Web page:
In addition, top Boeing executives who "earn" $3 million a year receive an annual pension of more than $1.4 million, or $120,000 a month--more than 50 times what machinists will get with this offer.
Given the current record profits and the prospects, despite the worsening economy, of enormous future profits, could the union win more by voting the contract down and continuing the strike?
A closer look at some of the gains shows their limitations. The wage increases are the same as Boeing's previous proposal. Boeing was offering 11 percent over a three-year contract. The only difference is that Boeing added a 4 percent increase in the fourth year.
While the pension increase may be the largest dollar amount in IAM history, the $81 offer for the first three years of the contract is only $1 more than Boeing's last offer of $80 back on September 6, when the strike started. It comes out to a 16 percent increase, the same pension improvement that the union won in the 2005 contract, when Boeing's profits were much smaller than they are today.
There is an extra $2 pension bump in the fourth year of the contract, bringing pension improvements to just under a 19 percent increase over four years. Yet that fourth-year increase is significantly less than the gain machinists would most likely get in the first year of the next contract, if they were to accept a three-year contract this time.
The union did hold the line on health care. But given Boeing's record profits, the union has the potential to increase health care benefits to make up for concessions agreed to in past contracts.
In addition, the proposal doesn't pay the 40-cent cost-of-living adjustment (COLA) for May, June, and July that Boeing refused to pay before the contract expired. And there are no increases to the overall COLA formula, despite the dramatic rise in inflation this year.
Nor will this contract stop the outsourcing of work for the future of Boeing's commercial airline business, the 787.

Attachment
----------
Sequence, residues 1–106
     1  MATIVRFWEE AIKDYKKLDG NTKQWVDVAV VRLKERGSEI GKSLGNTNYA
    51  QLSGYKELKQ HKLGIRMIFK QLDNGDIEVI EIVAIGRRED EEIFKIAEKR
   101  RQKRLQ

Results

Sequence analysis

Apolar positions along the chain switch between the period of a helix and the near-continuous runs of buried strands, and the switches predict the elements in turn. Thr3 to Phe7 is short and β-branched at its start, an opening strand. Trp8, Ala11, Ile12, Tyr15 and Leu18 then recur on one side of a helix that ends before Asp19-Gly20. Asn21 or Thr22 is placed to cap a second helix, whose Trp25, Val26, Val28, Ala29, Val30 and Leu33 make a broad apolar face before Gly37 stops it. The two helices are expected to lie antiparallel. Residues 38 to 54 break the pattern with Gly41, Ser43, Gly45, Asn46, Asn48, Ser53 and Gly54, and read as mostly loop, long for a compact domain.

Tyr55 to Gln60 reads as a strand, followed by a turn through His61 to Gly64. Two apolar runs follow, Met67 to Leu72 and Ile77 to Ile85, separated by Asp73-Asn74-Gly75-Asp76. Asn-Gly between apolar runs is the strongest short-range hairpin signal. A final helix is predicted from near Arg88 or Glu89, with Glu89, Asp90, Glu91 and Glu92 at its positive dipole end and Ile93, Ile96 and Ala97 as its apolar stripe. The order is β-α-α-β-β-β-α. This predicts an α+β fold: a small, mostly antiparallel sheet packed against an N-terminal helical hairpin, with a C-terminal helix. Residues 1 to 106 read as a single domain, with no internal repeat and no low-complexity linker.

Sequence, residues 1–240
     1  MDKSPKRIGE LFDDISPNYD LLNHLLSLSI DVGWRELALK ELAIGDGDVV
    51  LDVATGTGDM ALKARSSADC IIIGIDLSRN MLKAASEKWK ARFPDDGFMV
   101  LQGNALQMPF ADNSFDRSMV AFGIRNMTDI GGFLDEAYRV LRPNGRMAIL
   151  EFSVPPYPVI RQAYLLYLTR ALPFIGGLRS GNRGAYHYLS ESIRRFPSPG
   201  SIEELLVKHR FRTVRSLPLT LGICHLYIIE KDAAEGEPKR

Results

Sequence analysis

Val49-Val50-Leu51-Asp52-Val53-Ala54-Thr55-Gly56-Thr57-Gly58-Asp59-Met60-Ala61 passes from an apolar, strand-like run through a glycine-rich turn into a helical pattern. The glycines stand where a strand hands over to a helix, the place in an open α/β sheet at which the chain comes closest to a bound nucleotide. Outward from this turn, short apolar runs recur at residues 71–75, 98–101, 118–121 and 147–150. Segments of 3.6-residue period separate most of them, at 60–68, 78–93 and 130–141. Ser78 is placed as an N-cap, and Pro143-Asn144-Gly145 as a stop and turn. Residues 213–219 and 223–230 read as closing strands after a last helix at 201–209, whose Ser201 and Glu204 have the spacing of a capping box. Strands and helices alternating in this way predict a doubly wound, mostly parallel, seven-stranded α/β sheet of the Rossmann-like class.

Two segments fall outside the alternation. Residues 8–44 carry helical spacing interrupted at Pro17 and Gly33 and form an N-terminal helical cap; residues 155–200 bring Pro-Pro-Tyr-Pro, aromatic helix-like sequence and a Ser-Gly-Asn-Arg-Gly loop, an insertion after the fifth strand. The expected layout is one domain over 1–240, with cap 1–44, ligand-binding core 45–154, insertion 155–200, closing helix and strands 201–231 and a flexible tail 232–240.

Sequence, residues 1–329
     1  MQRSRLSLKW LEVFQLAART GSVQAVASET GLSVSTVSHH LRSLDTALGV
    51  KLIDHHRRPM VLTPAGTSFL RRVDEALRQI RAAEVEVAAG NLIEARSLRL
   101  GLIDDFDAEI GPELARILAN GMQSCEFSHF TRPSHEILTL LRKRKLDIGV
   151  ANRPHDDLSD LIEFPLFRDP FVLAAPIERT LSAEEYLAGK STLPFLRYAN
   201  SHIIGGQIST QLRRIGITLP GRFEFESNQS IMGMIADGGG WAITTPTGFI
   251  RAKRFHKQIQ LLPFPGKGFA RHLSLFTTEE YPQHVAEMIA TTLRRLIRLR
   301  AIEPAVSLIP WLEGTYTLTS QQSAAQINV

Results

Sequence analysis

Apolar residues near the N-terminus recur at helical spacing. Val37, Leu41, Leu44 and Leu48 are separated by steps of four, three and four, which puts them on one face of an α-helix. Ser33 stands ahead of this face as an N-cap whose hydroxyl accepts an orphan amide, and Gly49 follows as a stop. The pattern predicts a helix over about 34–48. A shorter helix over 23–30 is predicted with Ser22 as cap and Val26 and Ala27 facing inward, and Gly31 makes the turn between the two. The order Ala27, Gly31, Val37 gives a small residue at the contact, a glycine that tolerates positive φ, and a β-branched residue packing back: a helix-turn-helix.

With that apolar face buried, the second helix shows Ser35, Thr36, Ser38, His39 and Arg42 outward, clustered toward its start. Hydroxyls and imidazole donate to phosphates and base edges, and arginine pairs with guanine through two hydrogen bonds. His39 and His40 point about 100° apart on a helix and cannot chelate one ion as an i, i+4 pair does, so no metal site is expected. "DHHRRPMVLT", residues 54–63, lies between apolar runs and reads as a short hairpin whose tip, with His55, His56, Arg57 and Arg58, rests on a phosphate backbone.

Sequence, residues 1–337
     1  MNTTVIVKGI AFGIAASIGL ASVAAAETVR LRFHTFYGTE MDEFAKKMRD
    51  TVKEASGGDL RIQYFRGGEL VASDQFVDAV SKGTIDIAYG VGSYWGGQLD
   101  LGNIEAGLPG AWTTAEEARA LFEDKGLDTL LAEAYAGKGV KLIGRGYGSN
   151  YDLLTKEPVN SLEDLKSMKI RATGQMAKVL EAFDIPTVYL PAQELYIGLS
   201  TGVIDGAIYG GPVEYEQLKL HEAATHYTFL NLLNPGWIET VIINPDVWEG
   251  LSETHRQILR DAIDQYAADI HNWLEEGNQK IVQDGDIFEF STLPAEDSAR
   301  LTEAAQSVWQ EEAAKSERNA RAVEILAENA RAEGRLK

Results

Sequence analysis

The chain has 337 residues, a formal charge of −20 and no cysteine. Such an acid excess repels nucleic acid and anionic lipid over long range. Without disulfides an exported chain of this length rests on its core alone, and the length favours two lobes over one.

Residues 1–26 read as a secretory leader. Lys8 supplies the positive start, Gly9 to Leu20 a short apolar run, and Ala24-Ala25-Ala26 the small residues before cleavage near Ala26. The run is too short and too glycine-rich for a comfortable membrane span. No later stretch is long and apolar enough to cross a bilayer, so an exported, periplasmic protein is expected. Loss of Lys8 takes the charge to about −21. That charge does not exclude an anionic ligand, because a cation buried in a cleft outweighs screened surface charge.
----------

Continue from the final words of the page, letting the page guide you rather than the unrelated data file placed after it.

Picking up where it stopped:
According to the IAM, since it gave up jurisdiction over the 787 final assembly in past contracts, it had no right to reclaim that work in this contract. As a result, New Breed Logistics, which has its own distribution facility just down the road from Boeing's Everett plant, will still be able to have its nonunion workers deliver parts directly to the 787.
MANY MACHINISTS, while proud of the work the IAM leadership has done overall, still feel they could win even more if the membership voted this contract and continued the strike.
Don Grinde, a 31-year crane operator and veteran union activist who runs a rank-and-file blog, speaks for many machinists who are voting no on the contract.
"I'm voting no because Boeing is making record profits," he said. "[Boeing] has a record backlog, and in this economic climate, given all the above, I can't stomach a yes vote."
Judging by the traffic on Grinde's blog, many machinists are listening. Since the beginning of the strike, thousands of people have visited Grinde's site. As Grinde put it on his blog:
This strike is about decades of concessions in our contracts and the erosion of 20,000 IAM jobs outsourced. Boeing blamed the machinists from day one for production delays, when, in fact, management-sponsored outsourcing crushed the launch of the 787. Parts shortages delayed deliveries and profits totaling hundreds of millions of dollars. The machinists fell on the knife for Boeing. Sisters and brothers, we have earned our fair share of a reasonable contract based on the profit we have, and will make, for Boeing.
Grinde and other machinists are campaigning for a "no" vote on Saturday, November 1, when the union will be holding the contract vote at three different locations in the Seattle area.